Leopard Plant

Leopard plant is an evergreen, clump-forming perennial that is widely sought for use in landscapes and containers. This somewhat under-utilized plant offers both stunning foliage and bright yellow flowers in the fall. While not a new plant, it has undergone a botanical name change and a recent surge in demand.

Previously known by the Latin names Ligularia tussilaginea and Ligularia kaempferi, leopard plant is currently known as Farfugium japonicum. The round shiny leaves have also given rise to the common name “tractor seat plant”.

Leopard plant (Farfugium japonicum) has stunning foliage and bright yellow flowers in the fall.

Leopard plant (Farfugium japonicum) has stunning foliage and bright yellow flowers in the fall.
Joey Williamson, ©2016 HGIC, Clemson Extension

Native to the rocky coastal areas of Japan, Korea, and Taiwan, Farfugium is generally hardy in zones 7-10. This Asteraceae, or sunflower family member, boasts shiny round foliage that is upstaged in fall or early winter when bright yellow flowers burst into bloom. Bees and butterflies pollinate the flowers, and the resulting seeds can be collected for sowing.

Farfugium prefers moist, rich soil but is not fussy about pH and grows best in partial sun to shade. Too much sun can wilt and burn leaves, so err on the shady side in our warm climate.

While it is tolerant of a wide range of soil types, Farfugium requires consistent moisture and will wilt if allowed to dry out. In my experience, deer don’t seem to bother this plant. In fact, insects or diseases problems are rare, with the occasional problem with slugs and snails.

Farfugium adds rich texture and deep glossy foliage to shady woodland gardens, boggy areas, pond banks, container gardens, and perennial borders. In small beds and containers, it is a great back of the border plant. In larger beds, it can be massed as a groundcover in front of ornamental shrubs and under the canopy of trees.

Ferns, hostas, columbines, astilbe, and other fine textured shade plants make excellent companion plants for Farfugium. Here is a look at a few cultivars with interesting features you might consider adding to your garden:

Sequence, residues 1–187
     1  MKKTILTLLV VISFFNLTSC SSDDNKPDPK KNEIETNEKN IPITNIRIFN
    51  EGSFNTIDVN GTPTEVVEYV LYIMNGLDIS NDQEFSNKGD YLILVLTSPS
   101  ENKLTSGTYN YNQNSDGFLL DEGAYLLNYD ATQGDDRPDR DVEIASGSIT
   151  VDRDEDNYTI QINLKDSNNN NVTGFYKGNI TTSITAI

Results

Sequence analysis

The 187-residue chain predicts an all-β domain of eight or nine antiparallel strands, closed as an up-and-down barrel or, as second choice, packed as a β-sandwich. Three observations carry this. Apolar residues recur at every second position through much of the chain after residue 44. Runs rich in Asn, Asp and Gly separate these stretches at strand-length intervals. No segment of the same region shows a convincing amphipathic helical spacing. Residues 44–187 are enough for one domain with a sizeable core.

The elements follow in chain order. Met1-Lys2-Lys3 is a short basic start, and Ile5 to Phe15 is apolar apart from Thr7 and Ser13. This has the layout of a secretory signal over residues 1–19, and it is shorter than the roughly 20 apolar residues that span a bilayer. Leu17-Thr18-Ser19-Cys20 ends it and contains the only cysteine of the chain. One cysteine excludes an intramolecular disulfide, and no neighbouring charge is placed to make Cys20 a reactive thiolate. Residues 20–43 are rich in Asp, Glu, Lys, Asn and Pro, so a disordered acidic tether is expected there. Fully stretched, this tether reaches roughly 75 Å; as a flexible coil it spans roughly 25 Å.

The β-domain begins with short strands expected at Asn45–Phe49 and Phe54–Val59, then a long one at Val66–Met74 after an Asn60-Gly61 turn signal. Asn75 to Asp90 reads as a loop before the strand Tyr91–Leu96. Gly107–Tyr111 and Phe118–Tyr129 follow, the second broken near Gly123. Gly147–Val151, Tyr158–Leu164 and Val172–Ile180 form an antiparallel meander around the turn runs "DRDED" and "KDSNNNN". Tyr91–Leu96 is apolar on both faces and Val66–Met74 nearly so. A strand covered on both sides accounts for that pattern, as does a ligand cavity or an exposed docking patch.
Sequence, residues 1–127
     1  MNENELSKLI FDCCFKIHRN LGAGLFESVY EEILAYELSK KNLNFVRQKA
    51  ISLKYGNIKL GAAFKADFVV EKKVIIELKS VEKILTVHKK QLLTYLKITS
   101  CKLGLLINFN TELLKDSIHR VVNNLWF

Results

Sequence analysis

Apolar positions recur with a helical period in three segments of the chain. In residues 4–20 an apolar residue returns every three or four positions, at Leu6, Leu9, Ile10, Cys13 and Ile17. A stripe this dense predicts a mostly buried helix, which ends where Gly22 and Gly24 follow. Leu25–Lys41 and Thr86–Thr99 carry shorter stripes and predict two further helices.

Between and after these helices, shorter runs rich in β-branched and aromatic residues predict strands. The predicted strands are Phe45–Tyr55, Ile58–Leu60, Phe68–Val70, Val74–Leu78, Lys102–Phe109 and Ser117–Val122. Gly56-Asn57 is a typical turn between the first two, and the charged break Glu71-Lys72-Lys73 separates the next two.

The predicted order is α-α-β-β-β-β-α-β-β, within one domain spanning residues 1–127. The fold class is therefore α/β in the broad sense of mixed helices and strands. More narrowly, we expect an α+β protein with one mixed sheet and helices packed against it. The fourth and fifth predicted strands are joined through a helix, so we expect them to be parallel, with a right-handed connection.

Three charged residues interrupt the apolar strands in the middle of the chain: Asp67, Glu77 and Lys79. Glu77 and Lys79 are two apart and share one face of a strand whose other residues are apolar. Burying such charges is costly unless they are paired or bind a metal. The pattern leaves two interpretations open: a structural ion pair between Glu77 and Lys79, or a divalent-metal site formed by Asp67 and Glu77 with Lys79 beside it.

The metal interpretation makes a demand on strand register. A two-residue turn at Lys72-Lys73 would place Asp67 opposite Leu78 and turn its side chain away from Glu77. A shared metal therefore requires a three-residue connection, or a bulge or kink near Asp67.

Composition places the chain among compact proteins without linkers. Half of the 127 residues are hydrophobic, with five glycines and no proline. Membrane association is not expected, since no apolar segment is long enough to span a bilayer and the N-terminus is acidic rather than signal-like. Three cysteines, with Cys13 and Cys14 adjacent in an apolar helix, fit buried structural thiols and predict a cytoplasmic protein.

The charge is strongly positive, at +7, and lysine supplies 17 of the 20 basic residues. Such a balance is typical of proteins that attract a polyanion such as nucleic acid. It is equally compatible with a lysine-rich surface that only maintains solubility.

‘Argentea variegata’ is hardy through zones 8-11. This cultivar reaches 24 inches tall with leaves 6-10 inches across. Creamy variegated foliage is easy to incorporate into mixed borders and shade gardens giving them refined elegance. Although a slow grower, it is well worth the wait as the bright white spots act as tiny spotlights in shaded areas.

‘Aureomaculata’ is known for deep green glossy foliage with bright yellow spots, hence the name leopard plant. Some find this appealing while others think the plants look like bleach was spilled on the leaves. This plant is hardy in zones 7-12 and grows to 20 inches tall.

Aureomaculta leopard plant (Farfugium japonicum 'Aureomaculata') has green glossy foliage with bright yellow spots.

Aureomaculta leopard plant (Farfugium japonicum ‘Aureomaculata’) has green glossy foliage with bright yellow spots.
Photo by Joey Williamson, ©2016 HGIC, Clemson Extension

‘Giganteum’ creates a dramatic focal point plant for small spaces reaching 3-4 feet tall and 2-3 feet wide. As it’s cultivar name implies, this is the largest of the Farfugium varieties available. The bold foliage is striking enough to hold its own in containers as a single specimen.

‘Last Dance’ is a hybrid of two Farfugium species that has leaves with sharp points and glossy foliage, rather than the smoothly lobed foliage of the other cultivars.

‘Bad Hair Day’ and ‘Crispatum’ both have fluffy, curled edges that give rise to the common name “parsley ligularia”. The edges of ‘Bad Hair Day’ are more angular while ‘Crispatum’ edges are more curved. Both are hardy from zones 7-10 and add a unique texture to the garden.

Divide this clumping perennial in spring, or sow the seeds in a cold frame or greenhouse in winter or early spring to increase your plants. The slow growing nature of this plant, combined with its popularity, means you might have to do a bit of legwork to find it, but it is worth the extra effort.

Originally published 11/17


If this document didn’t answer your questions, please contact HGIC at or 1-888-656-9988.

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